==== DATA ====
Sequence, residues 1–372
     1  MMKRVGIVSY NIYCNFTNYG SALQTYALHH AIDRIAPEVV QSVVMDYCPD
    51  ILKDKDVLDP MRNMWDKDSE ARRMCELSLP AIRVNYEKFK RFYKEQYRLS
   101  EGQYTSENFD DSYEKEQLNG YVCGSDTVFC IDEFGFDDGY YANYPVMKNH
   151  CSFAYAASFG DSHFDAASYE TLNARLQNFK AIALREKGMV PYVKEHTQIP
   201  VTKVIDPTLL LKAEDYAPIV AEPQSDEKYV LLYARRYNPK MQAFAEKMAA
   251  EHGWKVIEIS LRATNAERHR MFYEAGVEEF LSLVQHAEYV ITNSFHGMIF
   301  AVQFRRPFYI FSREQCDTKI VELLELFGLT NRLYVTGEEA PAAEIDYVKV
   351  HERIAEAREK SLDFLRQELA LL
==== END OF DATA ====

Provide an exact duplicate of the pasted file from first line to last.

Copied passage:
Sequence, residues 1–372
     1  MMKRVGIVSY NIYCNFTNYG SALQTYALHH AIDRIAPEVV QSVVMDYCPD
    51  ILKDKDVLDP MRNMWDKDSE ARRMCELSLP AIRVNYEKFK RFYKEQYRLS
   101  EGQYTSENFD DSYEKEQLNG YVCGSDTVFC IDEFGFDDGY YANYPVMKNH
   151  CSFAYAASFG DSHFDAASYE TLNARLQNFK AIALREKGMV PYVKEHTQIP
   201  VTKVIDPTLL LKAEDYAPIV AEPQSDEKYV LLYARRYNPK MQAFAEKMAA
   251  EHGWKVIEIS LRATNAERHR MFYEAGVEEF LSLVQHAEYV ITNSFHGMIF
   301  AVQFRRPFYI FSREQCDTKI VELLELFGLT NRLYVTGEEA PAAEIDYVKV
   351  HERIAEAREK SLDFLRQELA LL